But Jesus’ attack never came. Instead, He reprimanded Peter and surrendered to the troops, to be taken away, tortured, and murdered on a cross.
Where was the victory of the Messiah? Where was the earthquake? The splitting of the mountain? The darkness and the flowing water and the saints? Where was the King over all the earth?
Maybe the disciples were wrong about Jesus. Maybe He wasn’t their Messiah.
But as He hung on the cross, darkness swept across the land. At noon. In the middle of the day (Matthew 27:45). Then as He took His last breath, the earth quaked (seismos), splitting the rocks apart (schizo) and tearing (schizo) the veil of the temple from top to bottom (Matthew 27:50-51).
After He died, Jesus was pierced by a soldier, and living water (hydor) flowed from His side (John 19:34). Then the graves were opened, and many bodies of the saints (hagios) were raised and entered the holy city (Matthew 27:52-53).
Peter and the disciples were expecting the Messiah to attack their enemies as He stood upon the Mount of Olives. And they were right. They just expected it to happen the wrong way. They expected Jesus to wipe out all the Romans. But the Romans weren’t their true enemy. The real enemy is death (1 Corinthians 15:26).
Just as Zechariah had prophesied, the rocks were split in two. The priests tried to stop the King, but instead the veil was torn apart. The lights were diminished. The living water flowed. The saints entered Jerusalem. Death was defeated. And Jesus became the King over all the earth.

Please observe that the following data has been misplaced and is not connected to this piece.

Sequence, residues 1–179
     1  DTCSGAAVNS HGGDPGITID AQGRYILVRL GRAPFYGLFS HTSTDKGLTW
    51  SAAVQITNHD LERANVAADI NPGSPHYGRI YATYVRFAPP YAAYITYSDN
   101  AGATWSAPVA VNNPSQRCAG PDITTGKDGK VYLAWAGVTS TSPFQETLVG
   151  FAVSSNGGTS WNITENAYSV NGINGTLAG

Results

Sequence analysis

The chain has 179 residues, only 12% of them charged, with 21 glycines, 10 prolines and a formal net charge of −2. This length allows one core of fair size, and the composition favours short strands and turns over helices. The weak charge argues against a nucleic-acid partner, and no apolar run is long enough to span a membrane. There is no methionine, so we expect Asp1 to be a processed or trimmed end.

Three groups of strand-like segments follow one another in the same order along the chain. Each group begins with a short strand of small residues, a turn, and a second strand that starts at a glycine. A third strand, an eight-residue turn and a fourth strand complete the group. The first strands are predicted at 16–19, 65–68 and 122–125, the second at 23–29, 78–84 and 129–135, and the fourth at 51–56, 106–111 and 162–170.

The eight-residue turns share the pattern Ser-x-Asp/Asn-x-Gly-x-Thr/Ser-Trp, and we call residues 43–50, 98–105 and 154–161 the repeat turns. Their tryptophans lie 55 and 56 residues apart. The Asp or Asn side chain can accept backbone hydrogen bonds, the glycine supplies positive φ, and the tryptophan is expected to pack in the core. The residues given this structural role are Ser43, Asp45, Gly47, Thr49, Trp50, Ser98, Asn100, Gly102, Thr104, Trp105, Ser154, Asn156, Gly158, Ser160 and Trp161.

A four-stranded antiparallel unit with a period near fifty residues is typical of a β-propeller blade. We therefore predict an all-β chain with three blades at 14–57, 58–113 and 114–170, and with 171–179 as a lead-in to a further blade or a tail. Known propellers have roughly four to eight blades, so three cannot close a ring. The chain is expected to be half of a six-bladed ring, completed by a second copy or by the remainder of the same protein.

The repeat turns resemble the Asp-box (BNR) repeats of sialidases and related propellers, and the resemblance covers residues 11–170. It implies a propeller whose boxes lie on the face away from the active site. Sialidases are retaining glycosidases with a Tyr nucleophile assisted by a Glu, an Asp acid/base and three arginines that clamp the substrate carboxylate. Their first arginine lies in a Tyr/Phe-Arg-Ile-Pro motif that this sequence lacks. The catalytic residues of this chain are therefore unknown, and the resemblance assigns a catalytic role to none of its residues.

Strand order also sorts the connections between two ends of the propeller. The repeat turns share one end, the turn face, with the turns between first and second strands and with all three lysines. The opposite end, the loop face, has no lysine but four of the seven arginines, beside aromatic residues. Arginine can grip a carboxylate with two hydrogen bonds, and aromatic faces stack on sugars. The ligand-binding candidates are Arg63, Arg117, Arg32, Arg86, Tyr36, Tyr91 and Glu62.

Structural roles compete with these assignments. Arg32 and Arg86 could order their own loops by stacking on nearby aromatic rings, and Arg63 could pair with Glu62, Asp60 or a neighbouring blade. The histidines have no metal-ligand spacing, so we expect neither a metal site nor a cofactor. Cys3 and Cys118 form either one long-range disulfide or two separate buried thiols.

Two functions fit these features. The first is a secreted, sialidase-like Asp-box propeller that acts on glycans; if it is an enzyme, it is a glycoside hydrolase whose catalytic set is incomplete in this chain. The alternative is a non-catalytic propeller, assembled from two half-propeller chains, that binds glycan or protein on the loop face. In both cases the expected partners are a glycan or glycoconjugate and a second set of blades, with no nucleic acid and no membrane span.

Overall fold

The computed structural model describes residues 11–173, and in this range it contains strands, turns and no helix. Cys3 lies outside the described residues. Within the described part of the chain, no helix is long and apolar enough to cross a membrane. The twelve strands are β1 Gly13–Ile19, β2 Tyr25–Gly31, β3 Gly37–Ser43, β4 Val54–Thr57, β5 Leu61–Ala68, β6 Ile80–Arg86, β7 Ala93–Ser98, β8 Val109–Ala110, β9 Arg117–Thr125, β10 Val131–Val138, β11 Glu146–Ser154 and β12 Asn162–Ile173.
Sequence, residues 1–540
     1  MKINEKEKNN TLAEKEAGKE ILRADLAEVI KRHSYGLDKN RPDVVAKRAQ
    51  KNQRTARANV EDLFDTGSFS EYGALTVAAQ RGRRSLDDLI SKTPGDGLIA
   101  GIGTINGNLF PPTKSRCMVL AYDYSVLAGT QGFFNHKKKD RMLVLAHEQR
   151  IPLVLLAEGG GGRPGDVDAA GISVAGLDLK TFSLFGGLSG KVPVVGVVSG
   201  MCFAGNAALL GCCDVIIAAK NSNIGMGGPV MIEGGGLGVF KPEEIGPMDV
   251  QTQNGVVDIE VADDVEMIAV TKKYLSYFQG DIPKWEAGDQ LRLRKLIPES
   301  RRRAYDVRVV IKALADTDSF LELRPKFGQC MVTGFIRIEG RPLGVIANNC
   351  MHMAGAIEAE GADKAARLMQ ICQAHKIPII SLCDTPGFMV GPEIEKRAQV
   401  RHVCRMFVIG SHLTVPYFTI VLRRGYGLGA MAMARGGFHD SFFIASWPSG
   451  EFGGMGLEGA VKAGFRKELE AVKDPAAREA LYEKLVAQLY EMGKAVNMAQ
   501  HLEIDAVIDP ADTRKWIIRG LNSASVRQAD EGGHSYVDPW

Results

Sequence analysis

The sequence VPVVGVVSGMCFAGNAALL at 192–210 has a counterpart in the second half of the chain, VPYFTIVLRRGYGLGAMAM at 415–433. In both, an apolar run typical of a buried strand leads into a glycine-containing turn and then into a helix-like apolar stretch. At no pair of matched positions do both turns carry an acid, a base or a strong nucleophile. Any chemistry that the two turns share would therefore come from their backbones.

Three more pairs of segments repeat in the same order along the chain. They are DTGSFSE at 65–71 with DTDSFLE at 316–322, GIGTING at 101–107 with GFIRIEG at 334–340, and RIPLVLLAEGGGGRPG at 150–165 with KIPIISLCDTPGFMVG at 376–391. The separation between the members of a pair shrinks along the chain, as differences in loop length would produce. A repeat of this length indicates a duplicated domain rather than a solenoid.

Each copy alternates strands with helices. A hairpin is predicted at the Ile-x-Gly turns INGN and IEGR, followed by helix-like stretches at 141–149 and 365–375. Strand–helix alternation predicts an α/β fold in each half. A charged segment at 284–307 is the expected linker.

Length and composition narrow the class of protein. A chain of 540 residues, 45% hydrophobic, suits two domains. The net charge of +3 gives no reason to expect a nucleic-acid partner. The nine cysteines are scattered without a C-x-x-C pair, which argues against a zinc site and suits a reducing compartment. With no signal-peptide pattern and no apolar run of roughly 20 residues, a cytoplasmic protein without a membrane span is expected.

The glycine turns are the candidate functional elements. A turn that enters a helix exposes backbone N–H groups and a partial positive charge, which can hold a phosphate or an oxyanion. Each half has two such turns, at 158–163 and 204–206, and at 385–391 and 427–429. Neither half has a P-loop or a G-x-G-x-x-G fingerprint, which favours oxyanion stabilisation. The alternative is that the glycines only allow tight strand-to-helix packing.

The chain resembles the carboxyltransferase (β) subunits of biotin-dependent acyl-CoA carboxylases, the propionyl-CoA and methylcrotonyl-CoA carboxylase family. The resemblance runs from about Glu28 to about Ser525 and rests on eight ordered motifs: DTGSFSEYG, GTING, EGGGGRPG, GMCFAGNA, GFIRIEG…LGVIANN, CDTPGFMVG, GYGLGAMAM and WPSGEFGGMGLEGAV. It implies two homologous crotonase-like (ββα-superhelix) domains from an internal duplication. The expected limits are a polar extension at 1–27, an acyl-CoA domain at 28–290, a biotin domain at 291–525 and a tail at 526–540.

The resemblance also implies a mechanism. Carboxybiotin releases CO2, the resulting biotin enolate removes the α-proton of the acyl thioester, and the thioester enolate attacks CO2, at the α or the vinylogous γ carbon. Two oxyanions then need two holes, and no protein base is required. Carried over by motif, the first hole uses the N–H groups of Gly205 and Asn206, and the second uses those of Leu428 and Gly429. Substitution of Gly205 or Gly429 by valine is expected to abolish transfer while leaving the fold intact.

“O Death, where is your sting? O Hades, where is your victory? …Thanks be to God, who gives us the victory through our Lord Jesus Christ.” (1 Corinthians 15:55, 57)
As Jesus prepared to enter Jerusalem the week before His death, He told His disciples to bring Him a donkey and a colt to ride upon. And as He entered the Holy City, the people cried out “Hosanna!” and called Jesus “the Son of David.” What was it about those donkeys that caused the crowds to identify Jesus as the long-awaited Messiah who had come to deliver them from their Roman occupiers?
Matthew tells us that Jesus made this request “that it might be fulfilled which was spoken by the prophet, saying, …’Behold, your King is coming to you, lowly, and sitting on a donkey, a colt, the foal of a donkey.’” (Matthew 21:4, 5)